Think thrive, not survive
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In Failures Tell Tales, a gardener is
frustrated to have had only 2 or 3 of 20 or more species "take" in
his new shady garden. He sees it as a dismal plant success rate.
However, we're not surprised. In fact, we think 2 or 3
self-selected thrivers is a great start. The trick is to use more
of those and keep trying others.
We're not being flippant - we know that losing plants puts the
hurt on a gardener, spiritually if not economically. What we write
here is what works.
Best plants for this dry shade (a
subset of our complete Shade Gardening Plant Lists)
It's what we've done since 1995 in 1,000 square feet of our big
Adopt-A-Garden perennial area at the Detroit Zoo. It's all
fast-draining, alkaline sandy soil under mulberries and oaks, with
no irrigation system other than one beleaguered volunteer per week,
given a hose and bucket and charged to try to "keep the new things
and annuals going."
In that space we began with about 50 species...
...and after a few years settled on 8 that stood the test...
...tried another 20 over several more years, netting 3 more
winners. We play all winners to their limit. (More details below.)
It summarizes this way:
- Choose plants as best you can. Use books, surf
the Internet, take a walk at a wooded nature center and use a
wildflower guide. As you search, avoid plants said to "tolerate
shade." We don't want tolerant plants, we want exuberant players -
- Give the garden a year or three. Then cull the
first herd, propagating those that thrived so they can cover more
ground. Trial more species and so on until you have 8 or 10
- Never expect it to look like a sun garden. In
the woods, a bare handful of species may thrive under trees.
Scattered about will be what appear to be bare spaces. These are
actually fully occupied by tree parts under and below -- the land
is at carrying capacity. Fill these necessary voids with paths,
stone, artsy fallen logs, a bigger bird bath.
Below: This is a rich, moist woods with relatively few bare
spaces at ground level, yet there are still relatively few species.
(For those with moist shade: The most visible herbaceous perennial
visible here is the August-blooming wildflower, richweed
Below: This is a dry shady area under young serviceberries
(Amelanchier canadensis) and mature oaks where we want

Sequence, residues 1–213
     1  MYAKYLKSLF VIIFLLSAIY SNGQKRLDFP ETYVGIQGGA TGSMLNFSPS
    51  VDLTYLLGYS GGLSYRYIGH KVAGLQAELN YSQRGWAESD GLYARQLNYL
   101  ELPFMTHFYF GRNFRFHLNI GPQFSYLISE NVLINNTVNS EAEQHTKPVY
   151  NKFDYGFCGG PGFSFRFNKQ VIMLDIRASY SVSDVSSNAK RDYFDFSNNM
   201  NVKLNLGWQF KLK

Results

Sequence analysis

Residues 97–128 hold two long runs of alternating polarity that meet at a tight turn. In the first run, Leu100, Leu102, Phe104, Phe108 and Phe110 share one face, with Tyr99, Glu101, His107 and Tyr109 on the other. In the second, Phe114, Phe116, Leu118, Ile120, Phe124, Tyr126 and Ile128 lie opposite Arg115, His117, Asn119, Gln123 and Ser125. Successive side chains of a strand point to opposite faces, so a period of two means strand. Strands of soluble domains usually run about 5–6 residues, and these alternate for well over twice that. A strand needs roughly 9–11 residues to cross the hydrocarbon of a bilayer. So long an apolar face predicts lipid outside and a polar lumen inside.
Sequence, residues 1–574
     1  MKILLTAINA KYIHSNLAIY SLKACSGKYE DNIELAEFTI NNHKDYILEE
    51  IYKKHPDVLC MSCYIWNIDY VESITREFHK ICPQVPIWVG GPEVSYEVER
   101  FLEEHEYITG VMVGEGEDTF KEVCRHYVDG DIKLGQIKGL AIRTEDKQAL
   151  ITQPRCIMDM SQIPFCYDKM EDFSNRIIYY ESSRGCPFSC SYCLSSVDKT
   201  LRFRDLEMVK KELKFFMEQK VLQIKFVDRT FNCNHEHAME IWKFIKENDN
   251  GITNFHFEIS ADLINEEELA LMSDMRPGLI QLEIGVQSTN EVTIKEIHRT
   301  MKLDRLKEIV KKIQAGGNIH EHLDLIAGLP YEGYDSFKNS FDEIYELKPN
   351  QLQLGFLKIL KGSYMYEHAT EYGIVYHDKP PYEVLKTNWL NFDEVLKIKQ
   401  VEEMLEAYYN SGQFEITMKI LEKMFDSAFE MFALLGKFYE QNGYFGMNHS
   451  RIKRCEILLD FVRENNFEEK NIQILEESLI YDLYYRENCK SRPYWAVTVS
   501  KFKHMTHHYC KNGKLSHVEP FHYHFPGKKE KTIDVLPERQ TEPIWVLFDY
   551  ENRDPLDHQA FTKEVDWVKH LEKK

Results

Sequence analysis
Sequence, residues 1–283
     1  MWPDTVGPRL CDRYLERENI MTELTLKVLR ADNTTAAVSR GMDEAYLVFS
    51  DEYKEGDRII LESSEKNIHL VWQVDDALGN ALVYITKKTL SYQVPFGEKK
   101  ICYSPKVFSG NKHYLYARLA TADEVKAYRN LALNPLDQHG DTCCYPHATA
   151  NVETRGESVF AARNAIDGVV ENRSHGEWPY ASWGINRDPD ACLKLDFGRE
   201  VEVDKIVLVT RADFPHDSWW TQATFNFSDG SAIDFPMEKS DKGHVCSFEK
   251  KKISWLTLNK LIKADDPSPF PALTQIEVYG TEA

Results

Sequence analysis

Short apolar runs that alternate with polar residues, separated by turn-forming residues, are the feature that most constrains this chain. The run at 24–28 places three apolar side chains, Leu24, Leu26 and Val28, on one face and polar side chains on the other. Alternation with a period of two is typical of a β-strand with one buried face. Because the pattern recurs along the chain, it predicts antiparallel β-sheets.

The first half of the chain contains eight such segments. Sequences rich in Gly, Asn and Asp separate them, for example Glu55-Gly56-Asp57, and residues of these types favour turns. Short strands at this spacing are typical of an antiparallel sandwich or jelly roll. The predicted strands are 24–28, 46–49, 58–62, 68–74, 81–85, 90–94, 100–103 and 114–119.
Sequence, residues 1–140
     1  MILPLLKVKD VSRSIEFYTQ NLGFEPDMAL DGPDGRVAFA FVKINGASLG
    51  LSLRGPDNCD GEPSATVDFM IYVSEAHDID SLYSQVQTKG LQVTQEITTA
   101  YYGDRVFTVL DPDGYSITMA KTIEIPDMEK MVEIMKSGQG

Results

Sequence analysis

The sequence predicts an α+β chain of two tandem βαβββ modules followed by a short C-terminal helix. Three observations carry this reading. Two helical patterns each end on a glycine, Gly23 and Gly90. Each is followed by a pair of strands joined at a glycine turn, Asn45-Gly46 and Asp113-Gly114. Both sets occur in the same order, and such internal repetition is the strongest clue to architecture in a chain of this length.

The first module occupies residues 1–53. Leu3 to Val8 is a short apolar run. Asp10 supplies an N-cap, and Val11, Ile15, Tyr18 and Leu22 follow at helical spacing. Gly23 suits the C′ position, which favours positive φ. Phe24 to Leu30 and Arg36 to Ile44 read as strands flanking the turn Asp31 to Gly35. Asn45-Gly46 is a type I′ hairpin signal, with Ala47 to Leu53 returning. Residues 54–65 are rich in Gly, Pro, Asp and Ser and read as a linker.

things to take care of themselves as they do in a woods. We've
tucked divisions and seedlings in, let them be and allowed plants
to self-select. Columbine (Aquilegia canadensis and
hybrids) have done well. A few Hosta cultivars made it
despite heavy rabbit feeding, among them 'GoldenTiara.' Big leaf
forget me not (Brunnera macrophylla) opted in -- here, its
big leaves may look like hostas to you. A third success is fairy
candle or snakeroot (Cimicifuga racemosa, a.k.a.
Actaea racemosa). We're happy with three "winners."
perennials in dry shade
Our winners may not be yours, or right for your next garden
Rejoice in every perennial that signs on for the long haul in a
shady garden. However, don't expect it to transfer to every other
shade garden. You may move it into the same light situation (same
number of hours and times of day) but the soil type is a bit
different, so that it has occasional damp roots, or too little of a
given nutrient, and it struggles. The trees above it may be a
different species, with roots formed differently or exuding a
different chemical cocktail. We don't get frustrated over this.
It's a living, immortal jigsaw puzzle.
Even ferns have specific favorite places. Japanese painted
fern (Athyrium japonicum 'Pictum', below, right) is
normally on our list for performing well in dry shade and
heat. Yet it has not thrived in the garden we've used as
an example for this article. Why? Maybe one day we'll identify the
critical element that's missing in this environment, or maybe it
will remain a mystery. Either way, we love the plant!
That said, the most successful perennials so far in our dry,
shady garden mentioned above, have been:
Here they are, just planted and a few years later when
it was obvious which had prospered. (B - bigleaf forget
me not; bbc - blue bush clematis; F - fringecups; G - goatsbeard;
gbh - golden bleeding heart; S - sweet Solomon's seal; W - woody
poppy.) We removed those that had waned or only held their own (red
x's). Although there are a lot of red x's we don't let that get us
down. Overall, the garden's thriving so we're happy, too.
Bigleaf forget me not
(Brunnera macrophylla); this variety is
Blue bush clematis
(C. heracleifolia davidiana)
Golden bleeding heart
seal, variegated form (Polygonatum odoratum
(Lamium maculatum 'Aureum') Shown here in the sun where we
never expected it to do so well. We thought it would scorch. We
knew it would grow faster than in the shade but the reality was
shocking -- this was a 12" x 12" division three months before this
photo was taken. We'll be taking it out and putting the pieces back
into the shade where it's more sedate.
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